16 July 2014, 18:05

US security doctrine protects state power, corporations, not people – Noam Chomsky

Noam Chomsky

Noam Chomsky

Noam Chomsky

The prime concern of the US government is the security of state power and the corporate sector, but not the security of the American people, states Noam Chomsky, the prominent American political commentator, Institute Professor emeritus in the Department of Linguistics and Philosophy at Massachusetts Institute of Technology. According to the professor, security "in the normal sense" should not be a basic factor in policy formation.

The American security doctrine, based on constant struggle against numerous potential enemies, is evidently a cover for the US invasive operations.

Noam Chomsky cites the former US government advisor Samuel Huntington, who wrote in 1981: "you may have to sell [intervention or other military action] in such a way as to create the misimpression that it is the Soviet Union that you are fighting. That is what the United States has been doing ever since the Truman Doctrine."

However, when the USSR collapsed and the much-talked-about "Russian threat" disappeared in 1989, nothing really changed in the US security doctrine and "a series of fraudulent pretexts for the invasion were concocted," notes Professor Chomsky in his article "Whose Security? How Washington Protects Itself and the Corporate Sector"

When the last Soviet president Gorbachev made a "quid pro quo" deal with US president Bush that allowed the unification of Germany and stopped NATO's eastward expansion, he could not imagine that Washington would soon break its promises without hesitation.

"Gorbachev was naturally outraged, but when he complained, he was instructed by Washington that this had only been a verbal promise, a gentleman’s agreement, hence without force. If he was naïve enough to accept the word of American leaders, it was his problem," writes Professor Chomsky.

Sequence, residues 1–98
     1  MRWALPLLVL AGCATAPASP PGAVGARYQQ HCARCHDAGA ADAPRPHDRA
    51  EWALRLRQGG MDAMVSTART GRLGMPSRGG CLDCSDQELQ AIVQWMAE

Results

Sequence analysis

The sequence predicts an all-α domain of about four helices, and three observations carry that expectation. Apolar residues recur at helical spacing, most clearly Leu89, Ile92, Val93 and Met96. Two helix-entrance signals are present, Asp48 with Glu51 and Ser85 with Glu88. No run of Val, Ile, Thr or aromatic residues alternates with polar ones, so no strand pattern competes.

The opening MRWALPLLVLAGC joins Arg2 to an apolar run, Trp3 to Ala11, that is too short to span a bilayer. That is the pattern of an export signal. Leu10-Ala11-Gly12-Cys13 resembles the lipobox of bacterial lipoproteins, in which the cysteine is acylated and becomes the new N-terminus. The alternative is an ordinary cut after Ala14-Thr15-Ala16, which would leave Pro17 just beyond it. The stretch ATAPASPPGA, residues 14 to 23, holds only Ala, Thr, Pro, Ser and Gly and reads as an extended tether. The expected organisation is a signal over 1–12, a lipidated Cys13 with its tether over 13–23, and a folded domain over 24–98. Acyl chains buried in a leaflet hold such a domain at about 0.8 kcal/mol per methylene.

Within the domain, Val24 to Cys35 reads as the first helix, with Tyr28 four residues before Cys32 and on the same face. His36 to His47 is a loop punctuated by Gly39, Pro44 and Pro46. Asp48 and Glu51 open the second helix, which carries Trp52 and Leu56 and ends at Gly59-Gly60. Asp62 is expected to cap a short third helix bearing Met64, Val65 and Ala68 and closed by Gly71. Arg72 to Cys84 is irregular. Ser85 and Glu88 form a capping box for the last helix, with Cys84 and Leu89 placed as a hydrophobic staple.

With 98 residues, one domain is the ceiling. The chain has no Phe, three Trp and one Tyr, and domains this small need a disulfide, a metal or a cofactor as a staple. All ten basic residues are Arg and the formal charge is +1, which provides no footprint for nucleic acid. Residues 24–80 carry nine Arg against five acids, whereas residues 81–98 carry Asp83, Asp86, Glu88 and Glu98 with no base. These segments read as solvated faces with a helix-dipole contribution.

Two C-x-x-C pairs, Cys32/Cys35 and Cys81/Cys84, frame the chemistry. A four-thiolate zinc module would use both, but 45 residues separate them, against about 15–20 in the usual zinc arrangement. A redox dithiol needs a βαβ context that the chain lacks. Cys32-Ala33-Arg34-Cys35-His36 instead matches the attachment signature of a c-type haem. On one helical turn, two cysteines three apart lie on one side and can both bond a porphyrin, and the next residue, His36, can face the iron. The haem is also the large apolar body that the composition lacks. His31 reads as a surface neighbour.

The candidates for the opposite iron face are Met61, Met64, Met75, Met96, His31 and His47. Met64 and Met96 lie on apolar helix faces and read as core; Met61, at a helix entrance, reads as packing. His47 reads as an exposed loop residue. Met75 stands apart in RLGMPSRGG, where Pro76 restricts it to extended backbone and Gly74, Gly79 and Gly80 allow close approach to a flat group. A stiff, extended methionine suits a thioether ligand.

With the silent approval of the West, NATO was extended up to Russia's borders. "Today, the world faces a serious crisis that is in no small measure a result of these policies," believes the expert.

The most dangerous "virus" that might "spread contagion," according to the US geostrategists, is the independent nationalism not under the US control, notes Noam Chomsky. Remarkably, stresses the expert, the US tends "to support radical fundamentalist Islam in opposition to secular nationalism, which has usually been perceived as posing more of a threat of independence and contagion." Thus, Saudi Arabia, indisputably the most extreme radical fundamentalist Islamic state, enjoys the support of its powerful western ally.

As a result of the US policy of attacking the "virus" of independent nationalism the states of Latin America were either destroyed or weakened to the point of bare survival. "From the early 1960s, a plague of repression was imposed on the continent that had no precedent in the violent history of the hemisphere," according to Noam Chomsky, and "much the same was true in the Middle East." The decision to attack the Vietnamese nationalism was as well based on the American elite's fear that the independent Vietnam, liberated from the French colonial rule, could "spread contagion" to the neighboring regions, especially to resource-rich Indonesia. "Vietnam was virtually destroyed and ringed by military dictatorships that kept the “virus” from spreading contagion." And these are only a few examples of implementation of the American foreign policy doctrine. 

The most vicious aspect of Washington's security concept is that it tends to protect the state power from the American population, not defending the population from the state tyranny.

"State power has to be protected from its domestic enemy; in sharp contrast, the population is not secure from state power. A striking current illustration is the radical attack on the Constitution by the Obama administration’s massive surveillance program. It is, of course, justified by "national security." That is routine for virtually all actions of all states and so carries little information," emphasizes the professor.

In the face of the serious crisis in Europe it is the time to sweep away the ideological clouds and answer the question of how policy decisions are made honestly and realistically, stresses Noam Chomsky, and what the American nation can do to alter them before it is too late.

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